Students Raising Guide Dogs for the Blind

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Puppy Love: Nevada Union and Bear River FFA students raising guide dogs for the blind

Nevada Union and Bear River high schools have welcomed some furry, four-legged students onto campus this school year — a group of part-Labrador, part-golden retriever dogs.

Students in each school’s Future Farmers of America program are volunteering with Guide Dogs for the Blind, a California-based nonprofit, to raise companion dogs for the visually impaired.

“We get them as our best friends, and then we hand them off and they help someone for the rest of their lives,” said Paige Zolldan, a junior at Bear River.

Both FFA puppy-raising groups started last school year as an opportunity for students to participate in a long-term agriculture- or animal-related project outside of the classroom, one component of the larger FFA program.

There are around 10 students in the Nevada Union FFA puppy-raising group, four of whom are currently raising dogs. The Bear River FFA puppy-raising group has about eight students, six of whom are raising dogs.

Knowing that dog just might give someone without eyes a way to see the world, that is the reward. That’s why we do it.”Nicole Darbya sophomore at Nevada Union

Many of the group’s current members were immediately interested when they heard about the Guide Dogs for the Blind opportunity.

You get to bring a dog everywhere with you,” said Arabelle Wahl, a senior at Nevada Union Technical High School. “Who wouldn’t be excited?”

But the puppy-raising program requires a serious commitment from the students, who are typically paired with a puppy when the animal is around 8 weeks old and take care of the dog for anywhere from 12-15 months. As puppy-raisers, the students are mainly responsible for socializing their animal, as well as teaching it basic commands and good house manners. The FFA students’ efforts help prepare the animals to enter Guide Dogs for the Blind’s formal training program at the nonprofit’s San Rafael campus. There, the animals learn more specific skills that allow them to function as a guide dog, including how to lead someone in a straight line and how to spot and stop for overhead obstacles.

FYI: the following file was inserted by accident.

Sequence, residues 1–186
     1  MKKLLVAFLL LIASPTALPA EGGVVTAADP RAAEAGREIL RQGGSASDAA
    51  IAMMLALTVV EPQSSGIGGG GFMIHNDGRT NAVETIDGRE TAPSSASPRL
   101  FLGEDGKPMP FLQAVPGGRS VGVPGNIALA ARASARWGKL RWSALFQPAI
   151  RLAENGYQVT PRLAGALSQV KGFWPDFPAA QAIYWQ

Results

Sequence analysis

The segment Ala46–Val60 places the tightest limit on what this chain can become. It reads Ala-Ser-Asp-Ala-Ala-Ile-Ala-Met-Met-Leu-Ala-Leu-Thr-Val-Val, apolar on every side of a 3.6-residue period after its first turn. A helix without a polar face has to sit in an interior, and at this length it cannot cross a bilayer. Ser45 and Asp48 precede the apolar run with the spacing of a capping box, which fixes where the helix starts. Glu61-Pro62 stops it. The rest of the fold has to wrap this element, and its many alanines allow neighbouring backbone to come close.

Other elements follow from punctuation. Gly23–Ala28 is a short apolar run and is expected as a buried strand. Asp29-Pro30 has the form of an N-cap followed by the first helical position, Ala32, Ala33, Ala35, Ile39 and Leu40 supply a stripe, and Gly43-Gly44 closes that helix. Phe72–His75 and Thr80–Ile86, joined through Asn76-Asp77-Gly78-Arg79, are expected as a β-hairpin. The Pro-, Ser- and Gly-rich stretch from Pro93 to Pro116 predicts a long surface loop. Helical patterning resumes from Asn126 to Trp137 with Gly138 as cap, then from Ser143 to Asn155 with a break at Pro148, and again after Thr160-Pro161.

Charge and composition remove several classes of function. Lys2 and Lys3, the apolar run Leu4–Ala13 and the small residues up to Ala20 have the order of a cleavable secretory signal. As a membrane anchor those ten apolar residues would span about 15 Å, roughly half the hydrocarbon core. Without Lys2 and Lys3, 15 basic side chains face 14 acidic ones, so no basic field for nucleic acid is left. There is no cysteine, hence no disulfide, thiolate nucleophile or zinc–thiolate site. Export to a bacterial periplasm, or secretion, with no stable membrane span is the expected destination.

If the animals graduate from the training, they’re then matched with blind or low-vision people through the United States and Canada.

Guide Dogs for the Blind, which was founded in 1942, has more than 2,000 puppy-raisers spread throughout 10 Western states. Schools are ideal environments for the puppies to learn some of the basic skills and confidence they need before they head into training, said Celeste Butrym, field representative for Guide Dogs for the Blind in Northern California.

So many things happen at school,” Butrym said. “There’s crowds, there’s buses, there’s all kinds of noise.”

But the dogs don’t just accompany their raisers to class; they are the students’ around-the-clock companions. While some of the group members who are not currently raising puppies are available to step in and act as “puppy-sitters” if the raiser isn’t able to take their dog to a particular event or class, the majority of the responsibility for taking care of the animal falls to its raiser.

That means students often have to sacrifice their free time or their social lives to put their dog’s needs first, said Lisa McClelland, the leader of the Nevada Union puppy-raising group. McClelland, an instructional aide at Pleasant Valley Elementary School, has raised more than 30 puppies over 23 years for Guide Dogs for the Blind.

They’ve had to give up maybe going to a football game, or for some of them, going to a friend’s house,” McClelland said. “They’re very passionate about wanting to raise the guide dogs.”

The students have also had to work through some of the challenges that are inevitable when raising a puppy. Many endured sleepless nights as the animals acclimated to their new homes; several shared stories of potty-training accidents that their dogs had in various spots on campus.

Puppy-raisers are responsible for figuring out a way to help the animal through the situation that is hampering its development, said Sam Travis, a junior at Nevada Union.

You really get to know your dog and you learn all their different cues and what you need to look out for,” Travis said.

But there’s at least one challenge that has proved difficult to overcome for many of the students as they navigate the halls with their furry friends.

When you’re late to class, everybody wants to pet your dog,” Wahl said.

The animals have been warmly welcomed at both high school campuses. They possess student identification cards bearing their pictures, and will claim spots in the schools’ yearbooks.

Bear River Principal Amy Besler said having the dogs on campus has had a positive effect on school culture.

There’s something about having these adorable puppies on campus that just changes the whole dynamic,” Besler said. “When you’re in the room, and there’s that puppy there, it just makes you feel happier.”

Though the students have bonded with their dogs, they said their ultimate goal is to do everything they can to help their puppies fulfill the mission of Guide Dogs for the Blind.